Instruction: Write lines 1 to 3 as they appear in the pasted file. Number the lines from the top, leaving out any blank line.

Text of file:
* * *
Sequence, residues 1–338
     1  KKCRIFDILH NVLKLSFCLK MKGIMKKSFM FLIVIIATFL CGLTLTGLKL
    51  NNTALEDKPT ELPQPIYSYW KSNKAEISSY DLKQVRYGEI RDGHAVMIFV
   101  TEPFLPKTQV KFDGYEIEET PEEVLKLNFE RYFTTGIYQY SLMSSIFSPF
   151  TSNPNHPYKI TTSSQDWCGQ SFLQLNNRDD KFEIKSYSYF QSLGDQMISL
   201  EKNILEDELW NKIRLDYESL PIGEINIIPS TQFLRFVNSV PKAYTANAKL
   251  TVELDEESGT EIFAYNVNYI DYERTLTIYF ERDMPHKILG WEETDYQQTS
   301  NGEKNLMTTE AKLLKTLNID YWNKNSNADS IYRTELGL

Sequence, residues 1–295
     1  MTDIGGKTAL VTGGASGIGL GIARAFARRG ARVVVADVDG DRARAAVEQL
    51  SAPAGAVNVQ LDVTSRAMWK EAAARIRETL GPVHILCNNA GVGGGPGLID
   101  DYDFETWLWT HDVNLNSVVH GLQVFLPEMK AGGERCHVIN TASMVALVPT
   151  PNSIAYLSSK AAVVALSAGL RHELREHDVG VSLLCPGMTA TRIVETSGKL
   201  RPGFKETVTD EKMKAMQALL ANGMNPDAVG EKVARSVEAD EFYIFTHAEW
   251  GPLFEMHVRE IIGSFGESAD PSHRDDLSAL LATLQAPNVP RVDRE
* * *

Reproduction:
Sequence, residues 1–338
     1  KKCRIFDILH NVLKLSFCLK MKGIMKKSFM FLIVIIATFL CGLTLTGLKL
    51  NNTALEDKPT ELPQPIYSYW KSNKAEISSY DLKQVRYGEI RDGHAVMIFV